As we approach the middle of this series, I caution you. I’m trying to think like a woman from a man-think perspective. So, don’t take everything literally. Morph the concepts and principles to woman-think and use them to generate and sustain as much dignity as possible. More dignity strengthens your strong-mindedness, uplifts your soft-heartedness, and otherwise makes you feel better about yourself as your iron-willed resolve brightens your future. Remember too, the things that won your husband in the first place should still be attractive to him after he cheats. So, a more dignified manner of restoring feminine mystery, female modesty, monogamous values, and highly attractive daily appearance should work well for you. Imagine this: You appeal so differently to husband that whatever about you enchanted him before marriage returns to enchant him now. That’s the victory to restore his dedication to your marriage, and dignity paves the path best.
I continue with the story of my playing the wife with three kids who has been insulted by an unfaithful husband. I’m not a child psychologist. I’m just a man thinking how I would handle it with my kids, if I were a cheated-on wife and mother distraught over the family’s future prospects. It’s not advice but more of WhatWomenNeverHear.
Even before I get control of my emotions, I may have to deal with my children. I need to prepare, nurture, guide, and coach them with all my motherly dignity in order to alleviate their anxieties. Primarily I aim to teach them that husband-wife problems are not the concern of children. They help mom the most when they don’t judge either parent as other than their love objects.
Insofar as possible, the children must NOT know of husband’s cheating or my being victimized. Until divorce is actually contemplated, it doesn’t concern them. Except when forced by other pressures, I divulge
nothing to my children about husband-wife issues.
- Mom and dad have interpersonal problems, and children can’t help except by not interfering. It’s marital business to resolve husband and wife issues. If necessary for older children, I may describe the family rank structure that separates the role of husband from father and wife from mother. I cite principles but not our domestic issue.
- Kids have enough opportunities to sour on life, why give evidence to make it worse? Why teach them to lose respect for one parent for cheating or the other for one-sided complaining, blaming, or victimization? It’ll happen if divorce comes, but why do it prematurely?
- Kids take sides and their partial view and short-sightedness cause them to kill the messenger. Disparaging one’s spouse inevitably comes back to bite. Taking sides disturbs family solidarity and future harmony regardless of how the family continues in the future.
- If husband discloses his cheating to kids, then he effectively says it’s okay. Just a minor mistake and his confession or begging their forgiveness supposedly clears the air. It’s garbage, however. His daughters learn to be suspicious, and his sons learn that cheating is manly and how to recover if caught cheating later in life.
- Kids learn right things about character, when they see adults pass through extremely tough times and keep their emotions to themselves.
- I keep my guilt to myself. Expressing it solicits sympathy and keeps me from thinking that I could be responsible for husband’s behavior. It makes me feel better but weakens my resolve to view my marriage objectively.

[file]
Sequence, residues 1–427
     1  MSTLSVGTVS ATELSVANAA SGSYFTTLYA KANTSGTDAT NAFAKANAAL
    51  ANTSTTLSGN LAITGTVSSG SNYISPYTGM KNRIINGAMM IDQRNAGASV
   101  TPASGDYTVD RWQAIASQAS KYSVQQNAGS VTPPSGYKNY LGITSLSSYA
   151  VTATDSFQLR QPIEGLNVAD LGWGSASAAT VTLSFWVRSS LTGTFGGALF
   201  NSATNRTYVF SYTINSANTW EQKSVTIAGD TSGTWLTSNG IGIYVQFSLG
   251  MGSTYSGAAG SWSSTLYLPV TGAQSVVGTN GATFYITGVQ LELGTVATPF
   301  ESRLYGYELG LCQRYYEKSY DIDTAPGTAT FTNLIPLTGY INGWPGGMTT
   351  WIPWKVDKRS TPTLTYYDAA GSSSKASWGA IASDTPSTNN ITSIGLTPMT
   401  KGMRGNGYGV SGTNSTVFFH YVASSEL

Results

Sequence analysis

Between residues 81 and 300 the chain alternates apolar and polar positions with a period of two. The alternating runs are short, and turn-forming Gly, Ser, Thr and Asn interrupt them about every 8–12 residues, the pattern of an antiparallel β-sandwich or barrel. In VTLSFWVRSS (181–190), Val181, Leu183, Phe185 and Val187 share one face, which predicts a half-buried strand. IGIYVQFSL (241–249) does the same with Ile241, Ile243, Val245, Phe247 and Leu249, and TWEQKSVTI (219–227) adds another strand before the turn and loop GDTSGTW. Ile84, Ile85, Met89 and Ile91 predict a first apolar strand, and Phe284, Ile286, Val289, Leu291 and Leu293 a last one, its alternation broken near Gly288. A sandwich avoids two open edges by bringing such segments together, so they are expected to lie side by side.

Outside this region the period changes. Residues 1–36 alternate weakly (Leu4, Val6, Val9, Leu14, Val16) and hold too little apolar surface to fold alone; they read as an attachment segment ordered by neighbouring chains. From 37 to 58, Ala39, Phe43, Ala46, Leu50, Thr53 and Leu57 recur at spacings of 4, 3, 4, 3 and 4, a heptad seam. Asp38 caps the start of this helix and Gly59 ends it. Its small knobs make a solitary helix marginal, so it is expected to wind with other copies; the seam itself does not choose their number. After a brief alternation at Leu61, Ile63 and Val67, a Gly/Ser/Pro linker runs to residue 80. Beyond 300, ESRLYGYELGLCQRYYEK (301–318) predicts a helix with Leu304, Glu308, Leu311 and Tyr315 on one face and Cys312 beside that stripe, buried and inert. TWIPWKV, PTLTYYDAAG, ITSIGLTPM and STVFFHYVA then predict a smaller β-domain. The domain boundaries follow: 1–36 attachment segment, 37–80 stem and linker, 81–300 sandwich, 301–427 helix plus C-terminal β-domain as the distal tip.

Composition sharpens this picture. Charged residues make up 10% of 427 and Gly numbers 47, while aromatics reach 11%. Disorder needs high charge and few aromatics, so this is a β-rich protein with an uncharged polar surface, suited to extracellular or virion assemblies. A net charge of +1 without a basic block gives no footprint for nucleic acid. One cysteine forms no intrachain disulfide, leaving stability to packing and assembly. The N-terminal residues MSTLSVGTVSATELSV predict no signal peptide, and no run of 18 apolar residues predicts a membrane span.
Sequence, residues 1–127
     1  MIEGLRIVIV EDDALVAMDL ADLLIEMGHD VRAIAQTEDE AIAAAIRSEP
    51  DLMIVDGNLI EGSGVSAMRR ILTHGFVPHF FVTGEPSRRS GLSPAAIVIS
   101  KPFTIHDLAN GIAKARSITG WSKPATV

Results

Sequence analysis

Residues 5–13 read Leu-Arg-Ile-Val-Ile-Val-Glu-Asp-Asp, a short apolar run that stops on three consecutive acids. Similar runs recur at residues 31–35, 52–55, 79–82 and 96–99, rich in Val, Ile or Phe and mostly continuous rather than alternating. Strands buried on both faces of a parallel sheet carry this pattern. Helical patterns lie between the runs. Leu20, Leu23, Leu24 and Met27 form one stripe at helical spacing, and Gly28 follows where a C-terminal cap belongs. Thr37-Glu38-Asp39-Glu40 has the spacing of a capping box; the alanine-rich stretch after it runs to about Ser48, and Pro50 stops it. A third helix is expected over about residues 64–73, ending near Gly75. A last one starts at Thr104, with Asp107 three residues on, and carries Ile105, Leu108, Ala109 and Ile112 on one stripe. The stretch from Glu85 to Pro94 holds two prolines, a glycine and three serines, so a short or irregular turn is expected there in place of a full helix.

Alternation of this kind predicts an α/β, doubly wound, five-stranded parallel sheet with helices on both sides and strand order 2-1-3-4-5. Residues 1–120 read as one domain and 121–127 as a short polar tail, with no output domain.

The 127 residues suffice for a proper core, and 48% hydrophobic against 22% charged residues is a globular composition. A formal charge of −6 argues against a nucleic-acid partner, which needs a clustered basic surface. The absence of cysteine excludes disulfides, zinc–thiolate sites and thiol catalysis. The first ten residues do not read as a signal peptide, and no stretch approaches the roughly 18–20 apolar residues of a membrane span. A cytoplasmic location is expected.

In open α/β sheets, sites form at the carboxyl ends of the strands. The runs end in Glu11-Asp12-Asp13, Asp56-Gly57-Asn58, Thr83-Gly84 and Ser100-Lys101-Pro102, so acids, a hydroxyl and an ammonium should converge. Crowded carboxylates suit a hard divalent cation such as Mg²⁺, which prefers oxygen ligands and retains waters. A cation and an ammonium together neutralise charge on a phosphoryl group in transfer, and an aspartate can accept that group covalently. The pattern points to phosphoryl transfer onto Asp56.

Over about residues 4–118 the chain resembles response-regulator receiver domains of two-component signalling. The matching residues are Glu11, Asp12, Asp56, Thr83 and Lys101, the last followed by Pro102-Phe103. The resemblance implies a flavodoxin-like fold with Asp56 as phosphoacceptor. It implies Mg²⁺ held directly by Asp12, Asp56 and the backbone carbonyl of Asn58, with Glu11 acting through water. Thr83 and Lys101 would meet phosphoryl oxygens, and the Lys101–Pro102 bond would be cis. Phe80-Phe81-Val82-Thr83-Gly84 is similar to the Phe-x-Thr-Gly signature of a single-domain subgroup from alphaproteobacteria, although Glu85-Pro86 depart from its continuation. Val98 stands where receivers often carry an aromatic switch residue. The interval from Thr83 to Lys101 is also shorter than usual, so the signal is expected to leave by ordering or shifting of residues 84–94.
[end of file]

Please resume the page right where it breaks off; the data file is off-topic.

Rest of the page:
If the children find out anyway, I take a different path. As I mentioned before, the optimum relationship comes when they cooperatively avoid interest in my affairs. Of course that may be too much to expect, but it’s worth trying.
- I minimize discussion and offer no excuses. It’s none of their concern, because they neither caused it nor can they fix it. It’s between wife and husband and not mother and father. Toughest case will probably arise if daughter sees me crying. I need to find some ‘magic words’ before it happens.
- If old enough to grasp the principles involved, I explain a family’s rank structure, i.e., husband, wife, mother, father, and children.
- If kids take it up with their father, I do the best I can to minimize the effect on my game plan without demeaning him or them.
- It’s an intimate matter, but I can handle it. I resent interference by anyone in my intimate personal life. Further, I have no idea how the future will play out. We all must be patient, and allow the best course of events to develop behind closed doors.
- I ask that children keep it to themselves. Don’t let it leak to brothers, sisters, cousins, or others outside the home. Their support on this issue demonstrates their maturity and personal growth toward adulthood.
- Our adult problems have no bearing on our love for them. Nor did they have anything to do with causing it. Considerable patience, explaining, and perseverance are required to get kids to put their curiosity on hold. For mom who appeals for their help, however, they likely can.
- Moreover, as an adult issue, it has nothing to do with them. If they think it interferes with my performance as mother, then tell me. I’ll apologize if I’m in the wrong. I ask for their forbearance, and I promise to do better and protect their interests.
- This isn’t the time or the way to dial children’s interest into the adult world. They should learn to compartmentalize and handle the tougher sides of life by seeing me do exactly that.
- Teenagers will be especially tough to handle, but the principles remain the same. Except do more coaching than trying to nurture them through tough times.
Of course, it all sounds solemn and tough. But it far and away beats dealing kids into my recovery game. I need maturity, freedom to think for myself, and separation from emotional wannabe helpers.
That’s enough about children. The ‘battle’ is for adults. Tomorrow’s article pits me against him.